Meat Free Week in DC

Meat Free Week in DC

Meat Week is still sating Washington’s carnivores, but tomorrow is the start of DC Meat Free Week. The event was cooked up by DC Vegans, and details (hours, reservations, etc.) are here.  Participating venues have sprouted all around the metro area; there’s probably one near you:

Saturday, February 6: Great Sage , Clarksville, MD

Sunday, February 7: My Little Bistro, 353 Cedar Street NW, DC

Monday, February 8: The Mansion on O Street, 2020 O St., NW

Tuesday, February 9: Sticky Fingers Bakery, 1370 Park Road NW, DC

Wednesday, February 10: Busboys & Poets, all three locations

Thursday, February 11: The Source, 575 Pennsylvania Avenue  NW, DC

Friday, February 12: Restaurant Nora, 2132 Florida Ave., NW

These aren’t garden variety restaurants, and several are introducing new vegan menus for the occasion.  There are bake sales benefitting Haitian relief efforts, too.

Don’t be a couch potato. Celebrate DC Meat Free Week.

 

Update:  Coverage on NBC-4 TV Washington: “”Step Away From the Steak! Meat-Free Week Begins,” Matthew Stawarz.

Image by Mike Licht. Download a copy here. Creative Commons license; credit Mike Licht, NotionsCapital.com

Comments are welcome if they are on-topic, substantive, concise, and not boring or obscene. Comments may be edited for clarity and length.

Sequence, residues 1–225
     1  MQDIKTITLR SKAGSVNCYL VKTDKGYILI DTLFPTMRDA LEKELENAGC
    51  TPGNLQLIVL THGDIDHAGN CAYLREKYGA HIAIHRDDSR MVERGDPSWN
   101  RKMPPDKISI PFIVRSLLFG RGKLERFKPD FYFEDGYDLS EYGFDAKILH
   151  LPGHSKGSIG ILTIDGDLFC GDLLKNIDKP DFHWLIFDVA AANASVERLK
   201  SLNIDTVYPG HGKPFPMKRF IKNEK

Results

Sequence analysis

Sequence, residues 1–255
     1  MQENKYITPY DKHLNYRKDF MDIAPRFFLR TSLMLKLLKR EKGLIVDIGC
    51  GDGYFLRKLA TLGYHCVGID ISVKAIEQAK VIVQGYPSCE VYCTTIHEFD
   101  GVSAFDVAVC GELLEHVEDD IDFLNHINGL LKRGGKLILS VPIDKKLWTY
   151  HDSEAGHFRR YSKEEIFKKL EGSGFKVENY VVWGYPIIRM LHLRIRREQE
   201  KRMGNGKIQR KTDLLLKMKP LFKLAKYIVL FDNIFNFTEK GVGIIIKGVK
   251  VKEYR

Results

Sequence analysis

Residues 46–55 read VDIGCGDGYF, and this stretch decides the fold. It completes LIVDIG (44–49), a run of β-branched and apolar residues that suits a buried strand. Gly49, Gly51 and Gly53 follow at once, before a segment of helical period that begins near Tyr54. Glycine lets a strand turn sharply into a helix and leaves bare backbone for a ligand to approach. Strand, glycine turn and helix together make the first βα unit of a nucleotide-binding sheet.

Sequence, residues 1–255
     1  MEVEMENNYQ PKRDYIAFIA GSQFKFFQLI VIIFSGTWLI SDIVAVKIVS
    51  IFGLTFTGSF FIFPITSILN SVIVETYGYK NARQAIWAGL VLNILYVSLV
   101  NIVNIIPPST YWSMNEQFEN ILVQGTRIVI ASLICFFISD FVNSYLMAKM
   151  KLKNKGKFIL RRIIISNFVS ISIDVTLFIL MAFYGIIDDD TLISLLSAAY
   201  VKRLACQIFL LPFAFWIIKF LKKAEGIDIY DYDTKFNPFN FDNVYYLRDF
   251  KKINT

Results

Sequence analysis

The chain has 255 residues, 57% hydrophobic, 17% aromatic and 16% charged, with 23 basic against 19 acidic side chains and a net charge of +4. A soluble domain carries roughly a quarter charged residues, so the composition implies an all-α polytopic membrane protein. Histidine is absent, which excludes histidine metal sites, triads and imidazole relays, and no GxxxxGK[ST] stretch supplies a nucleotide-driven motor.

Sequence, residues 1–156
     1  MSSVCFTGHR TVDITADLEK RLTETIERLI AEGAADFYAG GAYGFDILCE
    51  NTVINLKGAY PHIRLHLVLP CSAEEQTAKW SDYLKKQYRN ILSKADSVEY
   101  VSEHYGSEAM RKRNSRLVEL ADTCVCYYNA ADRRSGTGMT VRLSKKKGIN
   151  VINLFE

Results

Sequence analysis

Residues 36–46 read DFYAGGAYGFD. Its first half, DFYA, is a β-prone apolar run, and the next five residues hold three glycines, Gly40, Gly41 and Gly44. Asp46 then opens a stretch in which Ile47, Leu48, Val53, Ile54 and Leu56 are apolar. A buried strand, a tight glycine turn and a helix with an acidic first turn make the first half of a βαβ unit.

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4 Responses to “Meat Free Week in DC”

  1. Lawrence E. Rafferty Says:

    A whole week without meat sounds like a pretty bad week to me!

  2. Mike Licht Says:

    Lawrence E. Rafferty wrote: A whole week without meat sounds like a pretty bad week to me!

    Actually, after a great South Indian meal, we usually forget that it was meatless. And many omnivores are following the lead of our pal Mark Bittman and becoming “Lessmeatarian.”

  3. Lawrence E. Rafferty Says:

    Mike,
    I don’t think you will ever see me digging into a “South Indian” meal, so I will stick to my occasional piece of meat.

  4. Amanda Says:

    Wow, Lawrence, you are really missing out if we will never see you digging into a South indian meal! South Indian food along with most ethnic foods are often vegetarian by nature as most cultures would see a week or even a month of no meat as normal. I think “meatless” might sound “boring” or imply being deprived of something to someone eating it every day if not more, but my definition of deprivation is limiting myself to meals that only include meat.

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